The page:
Silverlight Tab Control

This story is discusses how to create and use the TabControl available in Silverlight.
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Creating a Silverlight Application

Create a Silverlight application using Visual Studio 2010 by selecting New Project >> Silverlight Application from the Templates list. See Figure 1.

 

SilverlightTabControlImg1.gif
Figure 1. Creating a Silverlight Application.

After the application is created, you land on Page.xaml page in the designer. The XAML of Page.xaml looks like following:

<UserControl

    x:Class="MyFirstSilverlightApplication.Page"

    xmlns="http://schemas.microsoft.com/winfx/2006/xaml/presentation"

    xmlns:x="http://schemas.microsoft.com/winfx/2006/xaml"

    Width="800" Height="600">

    <Grid x:Name="LayoutRoot" VerticalAlignment="Top" Background="White">

    </Grid>

</UserControl>

 

In the left side bar, you will see a Toolbox that lists Silverlight controls available to you. Now simply drag a TabControl from the Toolbox to your XAML file inside the Grid tag. This action will addSystem.Controls.Extended namespace reference to your XAML file that looks like this:

 

xmlns:my="clr-namespace:System.Windows.Controls;assembly=System.Windows.Controls.Extended"

 

You will also see the following tag is added for the tab control.

 

<my:TabControl />

 

Now, similar to any other XAML controls, you can set tab control properties using XAML attributes. For example, the following code sets the height, font, font size, and background color of the tab control.

 

<my:TabControl Height="150" FontFamily="Verdana" FontSize="12" Background="Orange">

           

</my:TabControl>

 

You may also add some properties outside of the tab control. For example, the following code sets the background property of the tab control using TabControl.Background.

  <my:TabControl Height="150" FontFamily="Verdana" FontSize="12" >

            <my:TabControl.Background>

                <SolidColorBrush Color="Green" Opacity="0.30"/>

            </my:TabControl.Background>

  </my:TabControl>

 

Adding Tab Items

You will hardly recognize a tab control without tab items. The <TabItem \> tag represents a tab item. The Header property of TabItem represents the header text of the header.  The following code creates a tab item with header text "Circle".

<my:TabItem Header="Circle">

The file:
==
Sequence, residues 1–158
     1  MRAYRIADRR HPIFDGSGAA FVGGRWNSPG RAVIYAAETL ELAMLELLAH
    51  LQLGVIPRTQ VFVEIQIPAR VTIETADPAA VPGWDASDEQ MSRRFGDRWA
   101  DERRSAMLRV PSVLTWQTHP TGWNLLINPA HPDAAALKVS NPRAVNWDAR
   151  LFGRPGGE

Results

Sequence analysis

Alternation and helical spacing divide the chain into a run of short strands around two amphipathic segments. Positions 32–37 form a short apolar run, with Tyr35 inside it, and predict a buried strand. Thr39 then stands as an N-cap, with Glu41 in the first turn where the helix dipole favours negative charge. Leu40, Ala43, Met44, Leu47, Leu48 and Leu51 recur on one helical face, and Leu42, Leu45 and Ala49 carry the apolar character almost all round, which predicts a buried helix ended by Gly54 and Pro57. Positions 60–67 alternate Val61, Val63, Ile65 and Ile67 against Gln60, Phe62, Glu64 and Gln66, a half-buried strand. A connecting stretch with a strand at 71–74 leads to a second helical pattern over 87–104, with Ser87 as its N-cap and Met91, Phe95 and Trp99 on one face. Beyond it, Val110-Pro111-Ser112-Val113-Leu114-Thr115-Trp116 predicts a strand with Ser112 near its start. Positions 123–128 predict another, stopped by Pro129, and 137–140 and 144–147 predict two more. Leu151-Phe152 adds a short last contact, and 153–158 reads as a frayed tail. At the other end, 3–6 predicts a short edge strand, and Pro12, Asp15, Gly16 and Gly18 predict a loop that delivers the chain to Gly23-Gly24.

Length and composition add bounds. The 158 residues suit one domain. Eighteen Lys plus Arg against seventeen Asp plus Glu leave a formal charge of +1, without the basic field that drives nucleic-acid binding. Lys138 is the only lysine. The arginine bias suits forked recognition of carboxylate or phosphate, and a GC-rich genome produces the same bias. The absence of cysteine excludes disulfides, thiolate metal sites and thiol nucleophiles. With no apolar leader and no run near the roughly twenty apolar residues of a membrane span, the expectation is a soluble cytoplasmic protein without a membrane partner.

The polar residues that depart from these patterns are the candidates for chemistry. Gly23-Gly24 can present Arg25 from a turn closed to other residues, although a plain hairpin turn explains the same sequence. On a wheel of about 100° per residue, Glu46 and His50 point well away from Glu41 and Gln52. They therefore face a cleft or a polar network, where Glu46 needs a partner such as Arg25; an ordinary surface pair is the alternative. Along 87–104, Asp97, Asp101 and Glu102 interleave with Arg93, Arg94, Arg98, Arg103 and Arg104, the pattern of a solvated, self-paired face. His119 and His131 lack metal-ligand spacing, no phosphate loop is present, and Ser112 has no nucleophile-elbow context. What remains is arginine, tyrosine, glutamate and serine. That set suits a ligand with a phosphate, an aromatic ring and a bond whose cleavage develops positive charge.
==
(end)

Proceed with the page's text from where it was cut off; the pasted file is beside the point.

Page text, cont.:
</my:TabItem>

 

A tab item can host other XAML controls similar to a panel or grid control. For example, the following code adds a StackPanel to the tab item and on that StackPanel, it creates a circle with height and width 100.

<my:TabItem Header="Circle">

   <StackPanel>

<Ellipse Height="100" Width="100" StrokeThickness="5" Stroke="black"

      Fill="gold"/>

   </StackPanel>

</my:TabItem>

Using the same above approach, I add three tab items to the tab control called Circle, Rectangle, and Polygon. See the code listed in Listing 1.

<my:TabControl Height="150" FontFamily="Verdana" FontSize="12" >

            <my:TabControl.Background>

                <SolidColorBrush Color="Green" Opacity="0.30"/>

            </my:TabControl.Background>

            <my:TabItem Header="Circle">

                <StackPanel>

                    <Ellipse Height="100" Width="100" StrokeThickness="5" Stroke="black"

      Fill="gold"/>

                </StackPanel>

            </my:TabItem>

            <my:TabItem Header="Rectangle">

                <StackPanel>

                    <Rectangle Fill="Yellow" Width="100" Height="100" Stroke="Blue"StrokeThickness="5">

                    </Rectangle>

                </StackPanel>

            </my:TabItem>

            <my:TabItem Header="Polygon">

                <StackPanel>

                    <Polygon Points="100,50 50,100 150,100 100,50 100,30"

       Stroke="green" StrokeThickness="3" Fill="Yellow"/>

                </StackPanel>

            </my:TabItem>

</my:TabControl>

Listing 1. Adding three tab items to a tab control.

If I run the application, the Circle tab shows me a circle looks like Figure 2.

SilverlightTabControlImg2.jpg
 

Figure 2.

If I click on Rectangle and Polygon, the output looks like Figure 3 and Figure 4 respectively.

SilverlightTabControlImg3.jpg
 

Figure 3.

 

Tab Control
 

Figure 4.

Formatting Tab Items

Let's get some creative. We will display the images on the tab items as the part of tab item headers. The final tab control would look like Figure 5.

 

SilverlightTabControlImg5.jpg
Figure 5. Tab item header with drawings

To achieve this, I separated tab item header and put a stack panel within it. The stack panel then hosts a text and a drawing depending on what tab item it is.

 

<my:TabItem.Header>

    <StackPanel Orientation="Horizontal">

     <Polygon Points="20,10 20,10 15,15 20,10 20,15"                         Stroke="green" StrokeThickness="3" Fill="Yellow"/>

     <TextBlock Text="Polygon" Margin="1,1,1,1" VerticalAlignment="Center" />   

    </StackPanel>

</my:TabItem.Header>

Note: If you would like to load images at the top of text of the header, simply remove Orientation="Horizontal" from the stack panel in the above code. The default orientation is vertical.

Using the same approach, you may load an image in the header of a tab item. Simply, replace tab header code above that is creating a polygon with the following code. Make sure your image is available in your project.

<Image Height="20" Source="MyImage.jpg" />

Summary

In this story, we saw how to create and use a TabControl in a Silverlight application. We also saw, how to make a tab item header and its contents more interactive by simply adding a few lines of code to our XAML file.

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